Unplanned insurance career turns out "increasingly rewarding"

This insurance leader was supposed to be a molecular biologist, but her career took a turn she doesn't regret

Unplanned insurance career turns out "increasingly rewarding"

Insurance News

By Gabriel Olano

Sharon Joanne Ooi (pictured) was supposed to be an academic, with an advanced degree in cell and molecular biology from the National University of Singapore. However, things didn’t turn out as planned.

“I was happy with research,” Ooi – currently managing director and head of P&C underwriting for Asia, Australia, and New Zealand at Swiss Re – told Insurance Business.

“However, just on the advice of my parents, I decided to apply for a graduate program place at a bank and was accepted in their risk management department. From there, I was headhunted to join General Cologne Re as an underwriter and my career in insurance started from there.”

She joined Swiss Re in 2006 as head of property and engineering treaty for Southeast Asia, by way of Swiss Re’s acquisition of GE Insurance Solutions, where she spent five years as part of the regional leadership team in various strategic and technical underwriting roles.

Describing her insurance career, she said that it was “not a planned career choice, but definitely one that has been increasingly rewarding and very much a learning journey from the start.”

As part of Swiss Re’s P&C leadership, Ooi has seen her fair share of the damage caused by disasters, which further drives her in working to increase insurance coverage in the region.

“[I saw] the damage caused by natural catastrophes in the region, such as the Tohoku earthquake, Thailand floods, and even more recently, the devastation of Typhoon Hato in Macau,” she said. “We work in an industry that can assist in closing the protection gap and support communities in rebuilding their livelihoods and assets. It is a very visceral experience to see such devastation and to know that more can and should be done in our jobs.”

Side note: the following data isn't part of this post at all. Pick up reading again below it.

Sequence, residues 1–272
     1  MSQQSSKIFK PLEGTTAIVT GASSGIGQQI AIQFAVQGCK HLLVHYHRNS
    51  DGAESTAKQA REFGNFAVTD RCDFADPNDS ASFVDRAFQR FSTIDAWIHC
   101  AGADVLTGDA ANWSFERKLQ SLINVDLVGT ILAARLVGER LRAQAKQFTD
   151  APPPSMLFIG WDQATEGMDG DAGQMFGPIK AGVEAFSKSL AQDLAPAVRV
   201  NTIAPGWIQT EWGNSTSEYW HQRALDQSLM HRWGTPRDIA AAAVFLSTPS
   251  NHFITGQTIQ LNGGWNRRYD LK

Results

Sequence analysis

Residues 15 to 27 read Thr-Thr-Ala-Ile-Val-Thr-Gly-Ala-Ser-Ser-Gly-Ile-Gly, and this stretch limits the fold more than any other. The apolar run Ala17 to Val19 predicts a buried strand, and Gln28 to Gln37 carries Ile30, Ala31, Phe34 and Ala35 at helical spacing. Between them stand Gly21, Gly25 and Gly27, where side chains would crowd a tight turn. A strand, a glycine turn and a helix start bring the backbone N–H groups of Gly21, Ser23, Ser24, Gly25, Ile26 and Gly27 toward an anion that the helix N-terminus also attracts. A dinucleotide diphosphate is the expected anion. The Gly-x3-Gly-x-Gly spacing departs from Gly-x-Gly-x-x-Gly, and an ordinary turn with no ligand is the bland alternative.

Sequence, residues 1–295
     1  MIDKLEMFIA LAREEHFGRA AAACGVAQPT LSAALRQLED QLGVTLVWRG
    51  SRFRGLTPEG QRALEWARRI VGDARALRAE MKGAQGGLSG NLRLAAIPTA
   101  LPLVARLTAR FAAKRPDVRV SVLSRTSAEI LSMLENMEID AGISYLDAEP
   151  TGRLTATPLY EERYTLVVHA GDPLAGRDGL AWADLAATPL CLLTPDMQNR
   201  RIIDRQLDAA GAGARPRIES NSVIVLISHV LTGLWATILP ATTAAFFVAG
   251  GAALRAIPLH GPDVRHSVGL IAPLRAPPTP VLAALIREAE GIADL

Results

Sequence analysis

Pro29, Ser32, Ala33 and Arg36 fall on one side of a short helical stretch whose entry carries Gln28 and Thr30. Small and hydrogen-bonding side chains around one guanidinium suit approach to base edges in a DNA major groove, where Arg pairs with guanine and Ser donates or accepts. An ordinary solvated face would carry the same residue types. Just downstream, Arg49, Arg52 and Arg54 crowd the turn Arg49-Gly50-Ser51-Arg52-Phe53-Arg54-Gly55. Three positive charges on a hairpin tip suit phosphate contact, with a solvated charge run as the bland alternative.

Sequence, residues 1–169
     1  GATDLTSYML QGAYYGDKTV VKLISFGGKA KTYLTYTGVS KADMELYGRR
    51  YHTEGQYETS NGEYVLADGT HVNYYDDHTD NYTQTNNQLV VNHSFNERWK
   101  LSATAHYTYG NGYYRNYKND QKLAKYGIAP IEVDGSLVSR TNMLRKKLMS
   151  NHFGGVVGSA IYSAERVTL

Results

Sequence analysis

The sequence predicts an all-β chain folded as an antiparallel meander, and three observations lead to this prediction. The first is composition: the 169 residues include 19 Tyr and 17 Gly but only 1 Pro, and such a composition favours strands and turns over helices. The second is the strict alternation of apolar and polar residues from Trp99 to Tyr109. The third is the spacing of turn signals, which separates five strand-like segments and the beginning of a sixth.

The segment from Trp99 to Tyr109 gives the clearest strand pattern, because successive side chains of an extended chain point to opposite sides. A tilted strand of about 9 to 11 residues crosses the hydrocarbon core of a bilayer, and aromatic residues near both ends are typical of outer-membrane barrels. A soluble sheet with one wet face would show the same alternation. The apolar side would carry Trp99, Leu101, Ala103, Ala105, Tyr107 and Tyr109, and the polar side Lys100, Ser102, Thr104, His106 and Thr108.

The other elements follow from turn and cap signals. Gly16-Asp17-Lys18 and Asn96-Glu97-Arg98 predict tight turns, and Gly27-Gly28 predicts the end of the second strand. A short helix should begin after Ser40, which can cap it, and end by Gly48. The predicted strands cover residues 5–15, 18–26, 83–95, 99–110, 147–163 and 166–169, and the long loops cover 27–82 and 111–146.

Another of Ooi’s passions in the insurance industry is diversity, not just in gender, but also in other aspects, such as age and culture.

“While there has been much improvement over the years since I’ve started in the industry, I believe we still have a long way to go in terms of true diversity,” she said. “While gender is a good measure, we need to ensure the industry supports diversity of ages, ethnicities and culture, just to name a few examples.”

With regards to what the industry can do to improve diversity, Ooi thinks that each organization can handle it differently, ranging from education efforts to various metrics or targets.

“At Swiss Re, we believe that an inclusive culture encourages diversity of thought and opinion, which will make us more competitive and stronger,” she said. “Besides having metrics that help create an inclusive culture, we also implement initiatives that encourage good work-life balance, such as having an agile working environment and flexible working hours that make it easy for working parents.”

In fact, Ooi takes advantage of these initiatives for work-life balance and family time. She shared that she loves spending as much time as possible with her family, knowing that the opportunity won’t be there forever.

“My daughter is 15 and my son is 13,” she said. “Before long, they will head off to university so it is important to spend quality time with them, travelling and learning new skills together as a family, such as fly fishing in New Zealand or skiing in Niseko.”

Looking to the future, Ooi is filled with hope, and she feels that other insurance professionals should be the same.

“The insurance industry continues to be an evolving one that has made significant contributions to the growth of the financial industry,” she concluded. “With technology increasingly changing and impacting people’s lives, more changes will come as the industry continues to evolve. It will be an extremely interesting experience to work and be a part of these changes going forward.”


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